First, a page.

In another post, I claim that Russia before the Bolsheviks was much more European than we give it credit for. Its continued isolation in the 21st century, much of it self-inflicted, impoverishes us all.
Nothing spells out Russia’s culture more starkly than the long litany of its famous dead. In St Petersburg you find buried most of the big names of the 19th century. Their graves are in the Tikhvin cemetery next to the Alexander Nevsky monastery (that has its own, separate graveyard).
Maybe the biggest name of them all is Dostoevsky. It’s the grave easiest to find and the one you almost have to queue to take a picture without tourists hanging about. I sat waiting on the bench opposite for 20 minutes, but then I am a big Dosto geek, having been to his museum (twice) and visited the scenes of Crime and Punishment.
The composers are all bunched up.
I should add here, that Borodin’s Steppes of Central Asia may well be the classical piece of music I’ve heard most times, outside opera pieces.
Tchaikovsky is in a corner by himself, and so is Mussorgsky. Still, Tchaikovsky has a much bigger sculpture than the others.
Two mathematicians are also buried here. You’ll have to leave the Tikhvin cemetery and enter the Lazarevsky section opposite.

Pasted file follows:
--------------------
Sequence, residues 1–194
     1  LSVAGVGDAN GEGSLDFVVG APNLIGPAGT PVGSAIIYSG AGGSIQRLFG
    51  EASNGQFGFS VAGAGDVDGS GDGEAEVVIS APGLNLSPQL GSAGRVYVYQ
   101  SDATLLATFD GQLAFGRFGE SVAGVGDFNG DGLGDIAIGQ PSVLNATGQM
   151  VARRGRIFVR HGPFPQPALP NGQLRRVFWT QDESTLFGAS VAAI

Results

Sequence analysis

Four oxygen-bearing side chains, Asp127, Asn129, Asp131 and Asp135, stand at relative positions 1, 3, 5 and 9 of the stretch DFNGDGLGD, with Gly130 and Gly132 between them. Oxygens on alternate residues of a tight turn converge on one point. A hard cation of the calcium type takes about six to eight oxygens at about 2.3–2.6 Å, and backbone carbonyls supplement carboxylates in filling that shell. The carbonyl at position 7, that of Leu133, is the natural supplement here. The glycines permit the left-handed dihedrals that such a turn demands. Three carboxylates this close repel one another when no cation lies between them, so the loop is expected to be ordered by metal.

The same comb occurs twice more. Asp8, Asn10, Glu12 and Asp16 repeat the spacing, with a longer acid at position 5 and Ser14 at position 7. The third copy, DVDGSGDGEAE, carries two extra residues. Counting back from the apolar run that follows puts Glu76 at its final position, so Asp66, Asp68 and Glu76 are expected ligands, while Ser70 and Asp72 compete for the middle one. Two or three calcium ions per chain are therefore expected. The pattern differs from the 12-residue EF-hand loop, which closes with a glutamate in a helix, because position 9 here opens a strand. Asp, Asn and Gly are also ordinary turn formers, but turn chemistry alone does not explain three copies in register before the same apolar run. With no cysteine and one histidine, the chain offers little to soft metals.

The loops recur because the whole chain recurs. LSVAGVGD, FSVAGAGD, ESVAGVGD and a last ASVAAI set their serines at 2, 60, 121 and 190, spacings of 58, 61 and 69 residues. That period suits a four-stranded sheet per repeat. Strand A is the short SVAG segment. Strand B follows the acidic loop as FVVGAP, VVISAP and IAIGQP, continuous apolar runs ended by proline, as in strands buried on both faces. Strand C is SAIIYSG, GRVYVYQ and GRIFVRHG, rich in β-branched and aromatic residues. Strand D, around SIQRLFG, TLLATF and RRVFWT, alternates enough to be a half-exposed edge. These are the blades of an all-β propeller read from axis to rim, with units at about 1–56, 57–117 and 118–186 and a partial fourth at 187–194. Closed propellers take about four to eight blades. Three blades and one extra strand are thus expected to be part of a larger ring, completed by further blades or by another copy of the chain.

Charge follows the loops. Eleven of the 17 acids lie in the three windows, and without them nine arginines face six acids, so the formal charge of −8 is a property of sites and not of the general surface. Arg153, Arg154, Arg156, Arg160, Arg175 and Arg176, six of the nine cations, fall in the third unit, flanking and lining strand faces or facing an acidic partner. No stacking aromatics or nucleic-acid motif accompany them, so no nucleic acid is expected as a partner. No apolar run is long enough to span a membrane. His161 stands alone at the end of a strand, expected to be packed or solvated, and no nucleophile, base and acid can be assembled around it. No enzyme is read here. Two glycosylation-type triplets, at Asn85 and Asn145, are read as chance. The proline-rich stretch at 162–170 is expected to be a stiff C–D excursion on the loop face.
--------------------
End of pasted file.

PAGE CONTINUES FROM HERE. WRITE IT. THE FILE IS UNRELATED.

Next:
The first one is Lomonosov, the closest Russia had to the polymath genius of Isaac Newton; he was the one who discovered the principle of conservation of mass in chemical reactions.
He also predicted the existence of a frozen continent where Antarctica now stands.
The other one is Euler (he of the base of natural logarithms denoted as e). He was born in Switzerland but spent most of his working life at the Imperial Academy of St Petersburg along with Bernoulli.
There are many other artists’s graves for the connoisseur Russophile, but the one you shouldn’t miss is the tombstone of Adolphe Mahir who was a doctor of medicine.
His bronze figure lying on a pedestal in the form of a rock looking at the tombs next door is by far the most bizarre sight in any cemetery, anywhere.